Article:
An externality, in economics and law, is a harm caused by one person in the course of their activities that harms another who does not receive compensation for the harm. Generally, externalities are bad for society because they cause activities to be carried out more frequently than they should because the people conducting the activity keep the benefits while making other bear the harms.
Usually, legal liability or a restructuring of the economic organization of the industry that conducts that activity are proposed to solve the externality.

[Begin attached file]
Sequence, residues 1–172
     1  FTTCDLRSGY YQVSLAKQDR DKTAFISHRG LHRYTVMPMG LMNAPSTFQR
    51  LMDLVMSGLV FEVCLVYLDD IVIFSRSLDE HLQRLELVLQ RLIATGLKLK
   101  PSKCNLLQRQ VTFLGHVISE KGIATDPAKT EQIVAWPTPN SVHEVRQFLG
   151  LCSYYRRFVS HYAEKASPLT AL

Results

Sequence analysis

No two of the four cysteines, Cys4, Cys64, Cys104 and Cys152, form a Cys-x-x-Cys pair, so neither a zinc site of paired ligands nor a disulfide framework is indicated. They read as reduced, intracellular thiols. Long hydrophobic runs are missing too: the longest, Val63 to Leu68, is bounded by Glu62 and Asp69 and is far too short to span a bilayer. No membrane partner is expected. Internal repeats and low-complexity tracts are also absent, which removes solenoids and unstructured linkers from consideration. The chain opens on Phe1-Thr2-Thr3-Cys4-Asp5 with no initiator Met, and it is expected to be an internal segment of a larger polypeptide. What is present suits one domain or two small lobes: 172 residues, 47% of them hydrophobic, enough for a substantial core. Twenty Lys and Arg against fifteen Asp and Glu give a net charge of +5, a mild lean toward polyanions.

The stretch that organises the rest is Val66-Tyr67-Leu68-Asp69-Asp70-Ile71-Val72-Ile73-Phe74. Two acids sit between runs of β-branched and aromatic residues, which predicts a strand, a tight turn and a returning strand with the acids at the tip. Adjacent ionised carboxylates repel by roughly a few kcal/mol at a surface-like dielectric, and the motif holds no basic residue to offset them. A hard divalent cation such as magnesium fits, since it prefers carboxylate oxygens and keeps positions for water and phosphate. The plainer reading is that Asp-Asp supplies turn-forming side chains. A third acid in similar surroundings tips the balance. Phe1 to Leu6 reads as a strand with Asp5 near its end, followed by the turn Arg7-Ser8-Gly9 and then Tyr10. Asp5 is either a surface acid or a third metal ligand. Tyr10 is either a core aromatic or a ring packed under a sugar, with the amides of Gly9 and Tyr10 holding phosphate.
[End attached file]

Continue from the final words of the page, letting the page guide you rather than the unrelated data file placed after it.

The concept of an internality is an analogous concept. An internality occurs when someone engages in a non-optimal level of an activity because they are predictably incapable of ascertaining the optimum level of that activity for the person's own well being. These are the classic problems of behavioral economics. For example, people may systemically save too little for retirement because the harm is in the future, while the benefits of not saving are in the present and the future is another country. Other irrationalities are similarly more or less hard wired into humanity.
Usually, some sort of "nudge" that tweaks default rules while allowing a determined individual to exercise autonomy contrary to societal suggestions is suggested as a solution to internalities.